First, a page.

IN PROFILE: CHARLES DE LISLE

October 11, 2017

For Charles De Lisle, doors are always opening, it seems. Or, put another way—the San Francisco-based designer and craftsman is marvelously adept at opening them.

Born in rural Massachusetts, Charles De Lisle was raised in the shadow of his father’s and grandfather’s factory businesses. He attended school for graphic design, but developed a side passion for ceramics and welding. The welding in turn allowed him to create a lamp—a rather monumental lamp—which was quickly snapped up by chic boutique owners and hoteliers across the U.S., and scored him a job with his first interior design firm, De Lisle, Philpotts & Staub. After leaving the firm in 2011 to form his own (and subsequently hitting the design doldrums), he decamped to Mexico for a few weeks, where he stumbled onto a promising eatery, who was in need of someone to design their new digs. Six months later, the restaurant—Máximo Bistrot—would rise to the top of Mexico City’s fine dining scene, and Charles De Lisle’s door would be the one that everyone was knocking on.

BROWSE CHARLES DE LISLE’S DECASO FAVORITES 

Photo by Daniel Dent

Since then, Charles De Lisle’s client list has grown to become one of the most diversified in the business. Real estate moguls, Vanguard Properties, swoon-y boutique owner Rachel Comey, and Michelin-starred San Francisco eatery, State Bird Provisions have all hired him for projects. His aesthetic is organic, but slightly quirky. Artisan-esque, but decidedly polished. His ability to swing to extremes while never abandoning his trademarks elevates him to the top of his craft.

With more doors open than ever before, we were delighted to steal De Lisle away from his current projects for a bit recently and talk his design inspirations, his kitchen nook, and in perhaps in an ode to the project that started it all; his affinity for champagne and tacos.

Photo by David Duncan Livingston

Favorite item on DECASO right now?

1970’s Table Lamps by Adalberto Dal Lago at Rewire

Favorite thing about designing with vintage or antique pieces?

I love how vintage can alter a familiar room into something that’s a little less understandable. Vintage can be unpredictable and a bit imperfect… We think this is super important in pulling together a great room.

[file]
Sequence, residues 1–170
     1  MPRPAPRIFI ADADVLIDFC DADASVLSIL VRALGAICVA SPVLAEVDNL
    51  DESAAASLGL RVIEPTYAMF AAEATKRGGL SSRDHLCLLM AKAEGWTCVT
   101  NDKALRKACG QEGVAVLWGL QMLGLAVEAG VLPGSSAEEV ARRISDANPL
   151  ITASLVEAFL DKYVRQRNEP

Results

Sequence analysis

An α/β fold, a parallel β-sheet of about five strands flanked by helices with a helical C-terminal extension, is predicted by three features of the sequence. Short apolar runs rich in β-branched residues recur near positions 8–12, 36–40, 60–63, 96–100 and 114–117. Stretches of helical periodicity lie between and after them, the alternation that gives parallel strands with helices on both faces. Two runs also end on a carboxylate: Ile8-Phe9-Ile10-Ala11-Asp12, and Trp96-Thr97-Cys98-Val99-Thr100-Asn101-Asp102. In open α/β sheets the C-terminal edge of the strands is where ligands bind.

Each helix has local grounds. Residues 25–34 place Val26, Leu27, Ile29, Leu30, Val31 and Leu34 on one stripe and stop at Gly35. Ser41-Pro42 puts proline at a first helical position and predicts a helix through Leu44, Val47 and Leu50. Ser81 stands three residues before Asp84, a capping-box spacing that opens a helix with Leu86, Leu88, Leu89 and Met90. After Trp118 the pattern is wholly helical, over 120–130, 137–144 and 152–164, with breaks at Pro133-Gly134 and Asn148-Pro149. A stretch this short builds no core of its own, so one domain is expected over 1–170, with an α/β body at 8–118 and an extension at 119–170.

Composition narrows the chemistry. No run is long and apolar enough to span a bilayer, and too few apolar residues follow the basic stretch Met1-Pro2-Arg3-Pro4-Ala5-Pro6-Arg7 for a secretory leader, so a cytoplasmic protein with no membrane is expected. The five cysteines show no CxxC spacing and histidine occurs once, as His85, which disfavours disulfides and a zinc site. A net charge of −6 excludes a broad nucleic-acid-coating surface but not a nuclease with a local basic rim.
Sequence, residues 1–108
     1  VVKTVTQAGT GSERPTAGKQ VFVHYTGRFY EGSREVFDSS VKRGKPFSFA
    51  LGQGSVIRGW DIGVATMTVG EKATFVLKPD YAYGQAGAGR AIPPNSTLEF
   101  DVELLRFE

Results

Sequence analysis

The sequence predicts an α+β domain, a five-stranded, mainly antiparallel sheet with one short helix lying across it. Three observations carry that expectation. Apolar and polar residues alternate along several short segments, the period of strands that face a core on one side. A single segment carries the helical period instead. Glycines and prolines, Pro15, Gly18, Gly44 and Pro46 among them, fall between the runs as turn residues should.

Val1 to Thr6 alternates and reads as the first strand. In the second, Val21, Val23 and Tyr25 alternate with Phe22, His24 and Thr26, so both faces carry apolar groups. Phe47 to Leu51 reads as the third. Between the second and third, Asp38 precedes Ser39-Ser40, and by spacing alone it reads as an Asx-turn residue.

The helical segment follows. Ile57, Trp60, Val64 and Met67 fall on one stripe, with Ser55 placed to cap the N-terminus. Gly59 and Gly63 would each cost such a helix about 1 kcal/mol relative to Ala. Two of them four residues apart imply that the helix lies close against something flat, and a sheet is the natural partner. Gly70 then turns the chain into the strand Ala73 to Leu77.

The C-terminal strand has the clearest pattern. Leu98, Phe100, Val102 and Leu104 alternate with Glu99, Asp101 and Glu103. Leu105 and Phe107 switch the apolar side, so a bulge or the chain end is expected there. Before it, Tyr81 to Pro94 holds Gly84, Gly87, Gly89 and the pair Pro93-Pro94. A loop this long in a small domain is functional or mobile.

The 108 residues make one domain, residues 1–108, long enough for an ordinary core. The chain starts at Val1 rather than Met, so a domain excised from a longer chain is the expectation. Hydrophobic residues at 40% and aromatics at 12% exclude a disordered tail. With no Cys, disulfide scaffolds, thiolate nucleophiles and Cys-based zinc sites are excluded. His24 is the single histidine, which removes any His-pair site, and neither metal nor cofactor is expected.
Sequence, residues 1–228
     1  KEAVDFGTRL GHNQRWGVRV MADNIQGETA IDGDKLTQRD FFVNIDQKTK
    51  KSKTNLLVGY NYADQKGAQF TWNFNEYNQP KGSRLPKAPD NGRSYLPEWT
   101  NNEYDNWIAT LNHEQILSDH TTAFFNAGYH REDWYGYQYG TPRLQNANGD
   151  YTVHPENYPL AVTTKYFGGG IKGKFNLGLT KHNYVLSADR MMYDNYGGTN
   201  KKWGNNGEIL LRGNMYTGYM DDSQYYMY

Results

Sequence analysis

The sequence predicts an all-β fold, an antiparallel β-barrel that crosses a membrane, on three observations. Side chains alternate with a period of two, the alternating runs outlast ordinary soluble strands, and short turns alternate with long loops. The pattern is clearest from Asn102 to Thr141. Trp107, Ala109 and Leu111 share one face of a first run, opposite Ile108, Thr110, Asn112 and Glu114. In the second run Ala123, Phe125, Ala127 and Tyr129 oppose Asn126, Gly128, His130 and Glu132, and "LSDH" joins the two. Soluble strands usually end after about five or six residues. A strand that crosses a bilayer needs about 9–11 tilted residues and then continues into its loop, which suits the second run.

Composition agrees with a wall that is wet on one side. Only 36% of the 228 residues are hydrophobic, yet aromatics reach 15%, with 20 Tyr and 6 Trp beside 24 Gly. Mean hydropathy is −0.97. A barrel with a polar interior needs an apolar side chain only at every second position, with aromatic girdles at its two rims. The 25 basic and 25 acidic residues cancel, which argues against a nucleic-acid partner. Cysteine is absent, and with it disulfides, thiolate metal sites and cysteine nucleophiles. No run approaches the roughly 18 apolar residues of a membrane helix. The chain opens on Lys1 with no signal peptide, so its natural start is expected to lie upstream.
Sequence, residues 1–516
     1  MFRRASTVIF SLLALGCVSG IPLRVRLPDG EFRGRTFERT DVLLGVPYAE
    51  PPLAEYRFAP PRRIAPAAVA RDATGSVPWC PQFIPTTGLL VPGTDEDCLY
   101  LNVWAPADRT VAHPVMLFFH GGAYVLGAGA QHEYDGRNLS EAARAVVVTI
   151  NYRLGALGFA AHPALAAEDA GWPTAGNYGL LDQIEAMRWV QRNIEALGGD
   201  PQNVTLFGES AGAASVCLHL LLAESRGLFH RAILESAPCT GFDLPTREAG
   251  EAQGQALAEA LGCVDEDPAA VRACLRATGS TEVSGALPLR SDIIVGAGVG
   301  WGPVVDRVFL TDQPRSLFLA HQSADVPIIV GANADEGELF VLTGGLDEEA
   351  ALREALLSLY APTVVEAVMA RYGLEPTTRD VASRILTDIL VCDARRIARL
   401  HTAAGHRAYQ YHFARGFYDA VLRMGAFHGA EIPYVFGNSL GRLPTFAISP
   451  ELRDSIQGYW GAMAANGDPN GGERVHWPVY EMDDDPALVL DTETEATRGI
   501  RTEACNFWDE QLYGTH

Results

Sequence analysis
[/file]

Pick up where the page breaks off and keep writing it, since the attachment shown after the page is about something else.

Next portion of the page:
Favorite way to add drama to a room?

Keep it a little bit broken… add something that will sneak up on you once you’ve been sitting in the room for a while.

Photo by David Duncan Livingston

Favorite source for design inspiration?

Italian Cinema. Travel. Other people’s houses.

Favorite paint color?

Almost-Black Turquoise

Favorite pattern (and how you love to use it)?

Windowpane Check. I love how a good grid feels on a chair or in a layout. Organic shaped furniture gets even better when wrapped with a man-made pattern.

Photo by Angie Cao

Favorite design rule to break?

My own.

Favorite color combo?

Battleship Grey and Cinnamon

Favorite way to mix high and low?

Champagne & Tacos

Photo by Victor Benitez

Favorite vintage pieces to incorporate into a room?

Italian lighting always seems to work.

Favorite furniture Makers?

Ward Bennett, Gae Aulenti, Wharton Esherick

Favorite room in your house?

The Kitchen nook, an early American wood-winged settee, two pine Martino Gamper chairs and an old chipped, vintage Saarinen table… all lit by a Linden chandelier prototype.

Favorite piece of art you own?

Ceramic stand dish by J.B. Blunk

Photo by David Duncan Livingston

LIFESTYLE

Favorite travel destination?

Italy

Favorite hotel to check in to?

Adrère Amellal, Siwa, Egypt.

Favorite way to treat yourself?

Soft serve ice cream

Favorite thank you / hostess gift?

Fresh Hawaiian leis

Photo by Angie Cao

Favorite entertaining essential?

Margaritas

Favorite artist?

Charles Burchfield

Favorite thing to collect?

Ceramics, Chairs, Cars

Photo by Angie Cao

YOUR CITY: SAN FRANCISCO & MARIN

Favorite restaurant?

Zuni, still feels like home

Favorite hotel to recommend to visiting friends?

Manka’s …up in Inverness

Favorite local flea market/vintage hunting ground?

Antique Malls up on Route 116 in Sonoma

Lead photo by David Duncan Livingston